What is Generalized Anxiety Disorder?
People with Generalized Anxiety Disorder (GAD) cannot stop themselves from worrying constantly about common situations. They worry about things like work, health, family, and money, but can literally worry about anything. While most people feel anxious at times, people with GAD feel overwhelmed by their anxiety. Living with constant worry becomes a distraction to the point where you cannot live a normal life because of your thoughts and feelings. Anxiety disorders are the most common of mental disorders and affect nearly 30% of adults at some point in their lives.
Signs and Symptoms of Generalized Anxiety Disorder
Symptoms of anxiety can vary widely among people with GAD. You may exhibit some or many of the following symptoms:
- An inability to stop worrying
- An overwhelming sense of dread
- Feeling on-edge or jittery
- Trouble falling or staying asleep
- Difficulty concentrating
- Indecisiveness or confusion
- Being easily startled
- Feeling tired during the day
- Shaking or trembling
- Muscle soreness or tension
- Digestive problems, including nausea and irritable bowels
- Excessive sweating
- An accelerated heart rate
Diagnosing Generalized Anxiety Disorders
While talking about symptoms can help people understand what they may be experiencing, it is important to note that only a trained mental health professional can diagnose GAD. To be diagnosed with GAD someone will have displayed symptoms for about six months and have anxiety more days than not during that time. The six-month timeline exists to ensure that people do not receive anxiety diagnoses when what they are experiencing are acute problems or other mental health conditions.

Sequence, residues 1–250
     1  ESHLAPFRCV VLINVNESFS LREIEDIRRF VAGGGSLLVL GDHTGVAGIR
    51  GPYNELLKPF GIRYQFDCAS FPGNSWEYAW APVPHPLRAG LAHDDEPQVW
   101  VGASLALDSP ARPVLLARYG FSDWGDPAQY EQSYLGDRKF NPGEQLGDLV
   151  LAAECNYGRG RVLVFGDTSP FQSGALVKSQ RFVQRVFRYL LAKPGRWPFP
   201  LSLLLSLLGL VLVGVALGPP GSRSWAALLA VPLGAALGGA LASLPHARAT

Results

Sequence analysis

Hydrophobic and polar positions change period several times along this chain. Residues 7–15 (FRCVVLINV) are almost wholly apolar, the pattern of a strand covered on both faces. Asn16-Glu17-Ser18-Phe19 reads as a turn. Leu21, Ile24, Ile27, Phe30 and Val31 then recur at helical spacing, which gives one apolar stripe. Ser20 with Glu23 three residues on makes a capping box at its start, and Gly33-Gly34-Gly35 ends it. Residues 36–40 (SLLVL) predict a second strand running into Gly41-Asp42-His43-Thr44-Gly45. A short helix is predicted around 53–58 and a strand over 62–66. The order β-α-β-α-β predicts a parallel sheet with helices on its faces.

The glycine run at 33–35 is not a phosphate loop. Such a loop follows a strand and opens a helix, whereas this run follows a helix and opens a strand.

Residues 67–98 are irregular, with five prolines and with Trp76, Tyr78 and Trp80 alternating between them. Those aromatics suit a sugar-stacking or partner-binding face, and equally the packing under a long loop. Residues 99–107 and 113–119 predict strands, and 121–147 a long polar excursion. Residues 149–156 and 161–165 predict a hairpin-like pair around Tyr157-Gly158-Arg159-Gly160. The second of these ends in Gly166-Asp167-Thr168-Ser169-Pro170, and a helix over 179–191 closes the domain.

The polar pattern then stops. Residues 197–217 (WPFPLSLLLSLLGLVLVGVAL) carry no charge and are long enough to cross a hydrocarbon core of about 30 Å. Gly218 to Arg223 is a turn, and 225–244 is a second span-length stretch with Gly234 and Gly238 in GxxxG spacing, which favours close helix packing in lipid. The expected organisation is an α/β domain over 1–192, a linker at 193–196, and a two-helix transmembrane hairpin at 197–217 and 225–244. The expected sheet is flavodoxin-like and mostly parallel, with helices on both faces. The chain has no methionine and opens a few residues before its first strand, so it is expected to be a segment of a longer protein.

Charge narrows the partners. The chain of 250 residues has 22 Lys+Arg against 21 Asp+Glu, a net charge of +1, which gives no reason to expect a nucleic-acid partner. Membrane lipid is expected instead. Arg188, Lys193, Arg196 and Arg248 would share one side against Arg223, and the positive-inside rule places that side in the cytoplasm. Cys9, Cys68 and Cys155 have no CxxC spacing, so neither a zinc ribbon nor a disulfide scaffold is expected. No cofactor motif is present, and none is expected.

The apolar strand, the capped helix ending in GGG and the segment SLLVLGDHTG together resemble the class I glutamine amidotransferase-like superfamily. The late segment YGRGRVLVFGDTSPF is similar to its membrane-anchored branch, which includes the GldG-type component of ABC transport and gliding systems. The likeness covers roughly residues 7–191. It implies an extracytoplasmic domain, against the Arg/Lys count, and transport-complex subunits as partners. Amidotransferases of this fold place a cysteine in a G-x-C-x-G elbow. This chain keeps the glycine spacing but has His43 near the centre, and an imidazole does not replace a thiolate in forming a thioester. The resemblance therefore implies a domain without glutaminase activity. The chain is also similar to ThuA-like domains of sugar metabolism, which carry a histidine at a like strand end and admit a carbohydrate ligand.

What Causes Generalized Anxiety Disorder?
Like other mental health disorders, GAD can have several different causes. GAD can develop when you reach a point of not being able to cope with the stress in your life. It can be related to other medical or mental health issues you are having, as well as chronic illness or medicines you are taking.
Lifestyle and Environmental Causes of Generalized Anxiety Disorder
Chronically stressful situations in a person’s life can cause them to develop GAD. Some examples of lifestyle and environmental factors that can contribute to the development of GAD include:
- A high-stress job
- Troubled or abusive relationships
- Financial problems
- Too little sleep
- Too many responsibilities
- Unstable home life
Someone may have several or none of these factors and develop GAD.
Biological Reasons for Generalized Anxiety Disorder
There is often no apparent reason why someone develops GAD. They may feel like their lives are generally in order and wonder why they worry so much. The lack of an exact trigger does not exclude a person from having GAD. Sometimes, a chemical imbalance is the cause of GAD.
People with biological reasons for their GAD may be more likely to develop symptoms during adolescence. They may also feel some level of worry throughout their lives, which worsens when an environmental trigger occurs. Some research suggests that GAD can run in families. However, scientists have not found specific genes that may be responsible for this. The jury is still out on the genetic risk factors for anxiety disorders in general.
Treatment Options for Generalized Anxiety Disorder
Counselors, therapists, and psychiatrists can treat GAD in several ways. A patient may need therapy, medication, or a combination of both to start feeling better. Psychotherapy treatments for GAD include Cognitive Behavioral Therapy (CBT). In CBT, patients learn to respond to triggers differently to reduce anxiety levels. Mental health professionals give patients specific tools designed to guide them through stressful situations.